A few days ago we commented on various aspects of the BBC’s special report entitled “Life in the Gaza Strip“. Among the (unsourced) statistics given in that report is a poverty level of 39% and an unemployment rate of 30% in general and 58% among 20 to 24 year olds.
(For some perspective on those latter two figures, here is the latest Eurostat report on unemployment in the EU showing, inter alia, that Andalucia in Spain has an unemployment level of 30.4% and that youth unemployment in Cueta stands at 65.8%.)
The map below – also produced by the BBC – dates from February 2004: roughly three and a half years into the second Intifada and over three years before Hamas’ violent take-over of the Gaza Strip and the subsequent partial blockade. It quotes a poverty level of 75% in 2003 and unemployment rates of 28% in 2003 and 46.5% in September 2002.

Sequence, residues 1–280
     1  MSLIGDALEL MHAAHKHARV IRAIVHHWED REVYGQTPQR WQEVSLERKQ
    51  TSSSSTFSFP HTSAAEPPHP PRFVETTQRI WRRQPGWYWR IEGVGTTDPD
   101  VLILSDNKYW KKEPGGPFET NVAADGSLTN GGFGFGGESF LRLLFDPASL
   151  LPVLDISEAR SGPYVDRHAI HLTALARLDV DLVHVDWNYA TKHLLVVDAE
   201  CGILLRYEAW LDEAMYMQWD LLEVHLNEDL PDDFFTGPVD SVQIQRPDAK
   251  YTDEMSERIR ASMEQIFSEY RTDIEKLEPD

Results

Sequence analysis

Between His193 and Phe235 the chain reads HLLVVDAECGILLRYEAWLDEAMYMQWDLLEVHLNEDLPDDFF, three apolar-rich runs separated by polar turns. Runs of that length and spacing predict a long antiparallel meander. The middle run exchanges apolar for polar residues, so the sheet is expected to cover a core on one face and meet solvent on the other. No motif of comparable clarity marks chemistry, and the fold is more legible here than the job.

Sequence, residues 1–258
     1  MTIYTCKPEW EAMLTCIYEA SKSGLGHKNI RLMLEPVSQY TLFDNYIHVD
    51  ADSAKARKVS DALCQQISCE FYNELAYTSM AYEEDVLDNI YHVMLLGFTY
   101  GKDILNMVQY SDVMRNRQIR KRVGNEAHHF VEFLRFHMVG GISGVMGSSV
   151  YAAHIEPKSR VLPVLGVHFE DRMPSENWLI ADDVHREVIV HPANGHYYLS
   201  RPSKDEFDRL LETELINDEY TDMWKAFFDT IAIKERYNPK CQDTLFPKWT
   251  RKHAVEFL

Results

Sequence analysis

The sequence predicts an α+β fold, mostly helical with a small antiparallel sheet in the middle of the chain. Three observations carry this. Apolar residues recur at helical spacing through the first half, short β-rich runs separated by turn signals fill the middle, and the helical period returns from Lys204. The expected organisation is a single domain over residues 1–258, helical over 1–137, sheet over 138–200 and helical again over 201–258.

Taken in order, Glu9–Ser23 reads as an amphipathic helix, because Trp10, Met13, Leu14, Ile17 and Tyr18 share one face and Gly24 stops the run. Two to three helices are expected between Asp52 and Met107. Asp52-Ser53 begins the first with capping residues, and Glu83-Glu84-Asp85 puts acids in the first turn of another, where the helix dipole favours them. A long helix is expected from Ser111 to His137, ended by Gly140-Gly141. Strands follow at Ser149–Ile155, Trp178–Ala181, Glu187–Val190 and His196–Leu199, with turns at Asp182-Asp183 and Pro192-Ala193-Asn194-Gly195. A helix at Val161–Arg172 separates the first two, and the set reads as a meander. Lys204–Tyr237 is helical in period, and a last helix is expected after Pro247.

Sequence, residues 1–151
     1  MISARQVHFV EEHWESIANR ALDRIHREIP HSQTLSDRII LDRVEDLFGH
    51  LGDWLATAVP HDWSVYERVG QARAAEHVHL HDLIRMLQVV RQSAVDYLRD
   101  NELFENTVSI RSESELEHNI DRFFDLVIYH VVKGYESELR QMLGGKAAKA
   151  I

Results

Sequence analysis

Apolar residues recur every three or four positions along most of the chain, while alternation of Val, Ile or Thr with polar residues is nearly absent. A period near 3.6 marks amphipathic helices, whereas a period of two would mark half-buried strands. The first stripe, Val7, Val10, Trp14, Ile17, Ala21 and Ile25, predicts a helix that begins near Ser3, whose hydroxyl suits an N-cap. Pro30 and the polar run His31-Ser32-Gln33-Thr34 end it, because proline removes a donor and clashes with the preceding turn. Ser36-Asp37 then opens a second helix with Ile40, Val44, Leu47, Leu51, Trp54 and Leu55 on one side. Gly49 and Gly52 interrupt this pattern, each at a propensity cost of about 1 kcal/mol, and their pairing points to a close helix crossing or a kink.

But surely that cannot be right? Poverty and unemployment cannot (according to the impression we are given by the media) have been higher before the partial blockade aimed at curbing weapons smuggling into the Gaza Strip was implemented. Index Mundi , using CIA World Factbook statistics, shows that poverty levels and unemployment rates indeed reached those approximate levels at the time.
What the graphs do not show, however, is the relationship between those statistics and events on the ground at the time.
One of these days, perhaps the BBC will begin to inform its audiences about the connection between the decisions made by the Palestinian leadership to engage in terror and the welfare of the Palestinian people.